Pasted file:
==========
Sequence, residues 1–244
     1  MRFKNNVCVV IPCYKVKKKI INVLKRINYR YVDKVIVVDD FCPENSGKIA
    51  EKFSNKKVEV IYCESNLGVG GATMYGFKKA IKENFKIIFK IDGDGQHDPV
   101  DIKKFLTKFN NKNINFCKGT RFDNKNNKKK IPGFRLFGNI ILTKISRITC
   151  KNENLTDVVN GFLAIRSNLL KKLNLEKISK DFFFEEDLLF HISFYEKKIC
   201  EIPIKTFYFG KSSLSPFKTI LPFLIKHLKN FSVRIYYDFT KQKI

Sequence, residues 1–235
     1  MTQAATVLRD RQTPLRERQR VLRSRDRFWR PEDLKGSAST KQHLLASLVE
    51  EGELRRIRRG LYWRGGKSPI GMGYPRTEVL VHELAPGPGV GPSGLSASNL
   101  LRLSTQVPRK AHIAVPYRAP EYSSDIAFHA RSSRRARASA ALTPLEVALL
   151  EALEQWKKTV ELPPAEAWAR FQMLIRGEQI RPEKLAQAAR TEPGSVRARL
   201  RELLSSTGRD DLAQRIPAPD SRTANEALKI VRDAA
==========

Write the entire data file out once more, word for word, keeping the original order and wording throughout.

Sequence, residues 1–244
     1  MRFKNNVCVV IPCYKVKKKI INVLKRINYR YVDKVIVVDD FCPENSGKIA
    51  EKFSNKKVEV IYCESNLGVG GATMYGFKKA IKENFKIIFK IDGDGQHDPV
   101  DIKKFLTKFN NKNINFCKGT RFDNKNNKKK IPGFRLFGNI ILTKISRITC
   151  KNENLTDVVN GFLAIRSNLL KKLNLEKISK DFFFEEDLLF HISFYEKKIC
   201  EIPIKTFYFG KSSLSPFKTI LPFLIKHLKN FSVRIYYDFT KQKI

Sequence, residues 1–235
     1  MTQAATVLRD RQTPLRERQR VLRSRDRFWR PEDLKGSAST KQHLLASLVE
    51  EGELRRIRRG LYWRGGKSPI GMGYPRTEVL VHELAPGPGV GPSGLSASNL
   101  LRLSTQVPRK AHIAVPYRAP EYSSDIAFHA RSSRRARASA ALTPLEVALL
   151  EALEQWKKTV ELPPAEAWAR FQMLIRGEQI RPEKLAQAAR TEPGSVRARL
   201  RELLSSTGRD DLAQRIPAPD SRTANEALKI VRDAA